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5192016afix6Mopsy could easily be the most unique comics in my collection.  Not only is the series drawn by one of the few female comic artists of the time (Gladys Parker) but its also published by the small St. John publishing (where Lily Renee’ and Matt Barker were also working).

The different look of Mopsy compared to traditional, male drawn good girl art was honed years earlier drawing the Flapper Fanny comic strip.  The Mopsy comic strip started in 1939 and rather incredibly, according to “Meet the Artists” Parker “got the idea for Mopsy when the cartoonist Rube Goldberg said my hair looked like a mop.”

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Engineers and business theorists might recognize the name Rube Goldberg – a Rube Goldberg machine is a common term still used today to describe any process that has become unnecessarily complex in its design.  (Goldberg’s cartoons became well known for depicting devices that performed simple tasks in indirect, convoluted ways).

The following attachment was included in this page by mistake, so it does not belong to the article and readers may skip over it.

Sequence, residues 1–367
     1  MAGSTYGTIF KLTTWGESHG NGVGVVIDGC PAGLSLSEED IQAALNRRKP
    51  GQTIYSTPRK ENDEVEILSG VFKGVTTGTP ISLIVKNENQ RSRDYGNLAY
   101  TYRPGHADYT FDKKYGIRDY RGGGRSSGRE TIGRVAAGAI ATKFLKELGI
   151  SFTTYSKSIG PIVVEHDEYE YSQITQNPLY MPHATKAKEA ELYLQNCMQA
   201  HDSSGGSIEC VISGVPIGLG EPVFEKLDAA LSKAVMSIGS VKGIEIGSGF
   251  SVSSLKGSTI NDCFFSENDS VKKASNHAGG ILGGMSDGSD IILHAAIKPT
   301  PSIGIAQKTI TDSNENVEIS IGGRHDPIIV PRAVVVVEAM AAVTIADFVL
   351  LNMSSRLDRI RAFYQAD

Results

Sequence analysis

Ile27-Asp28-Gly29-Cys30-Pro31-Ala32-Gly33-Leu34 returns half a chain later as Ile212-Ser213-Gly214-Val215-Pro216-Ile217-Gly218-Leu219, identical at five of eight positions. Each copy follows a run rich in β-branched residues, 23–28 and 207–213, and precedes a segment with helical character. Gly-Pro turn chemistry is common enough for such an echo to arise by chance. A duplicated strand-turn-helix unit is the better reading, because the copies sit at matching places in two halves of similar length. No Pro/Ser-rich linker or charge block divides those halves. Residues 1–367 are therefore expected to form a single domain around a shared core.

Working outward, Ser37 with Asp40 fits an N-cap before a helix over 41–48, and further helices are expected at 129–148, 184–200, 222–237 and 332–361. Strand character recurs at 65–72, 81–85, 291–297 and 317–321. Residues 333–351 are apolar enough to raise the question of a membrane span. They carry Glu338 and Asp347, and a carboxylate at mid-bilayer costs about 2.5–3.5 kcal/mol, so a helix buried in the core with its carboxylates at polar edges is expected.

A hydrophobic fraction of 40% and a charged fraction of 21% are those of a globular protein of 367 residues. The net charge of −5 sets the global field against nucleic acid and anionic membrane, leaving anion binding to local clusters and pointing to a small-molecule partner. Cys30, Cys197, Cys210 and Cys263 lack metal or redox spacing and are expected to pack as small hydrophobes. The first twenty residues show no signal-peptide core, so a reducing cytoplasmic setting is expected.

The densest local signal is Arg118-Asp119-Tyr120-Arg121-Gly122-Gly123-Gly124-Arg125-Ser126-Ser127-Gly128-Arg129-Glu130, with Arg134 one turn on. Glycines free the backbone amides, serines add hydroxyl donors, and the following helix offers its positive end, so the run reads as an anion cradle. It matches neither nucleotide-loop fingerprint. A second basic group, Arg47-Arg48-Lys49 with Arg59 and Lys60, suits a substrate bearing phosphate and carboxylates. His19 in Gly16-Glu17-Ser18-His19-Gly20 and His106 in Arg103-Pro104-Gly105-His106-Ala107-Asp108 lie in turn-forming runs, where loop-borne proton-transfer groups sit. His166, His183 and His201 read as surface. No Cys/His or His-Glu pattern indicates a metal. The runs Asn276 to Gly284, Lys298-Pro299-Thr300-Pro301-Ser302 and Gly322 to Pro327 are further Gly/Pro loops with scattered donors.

Mopsy was one of St. John’s longer lasting titles, and unlike many comics of the time, Parker was producing original stories for the comic books rather than relying on reprinted comic strips.

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The newspaper article mentions Parker was married to WWII veteran and artist, Stookie Allen. She also displayed a penchant for fashion (clearly shown in her witty, low dialog artwork). She designed her own clothing line, is credited in the 1940 movie Private Affairs with lead star Nancy Kelly’s gown and published popular paper dolls in her comics. Parker is pictured here with actress Dorothy Lamour. By the end of the 1940s, Mopsy was published in 300 newspapers.

Issues #12, #14 (the cover of which was reprinted in 1955 on TV Teen’s #8) , #15* and #16* were all published in 1953. Interestingly #14 is printed in the 7″ 1/4th size, while #15* and #16* are in the wider, traditional Golden Age 7″ 3/4 size – suggesting St. John’s might have been experimenting with different printers.

* Sold copy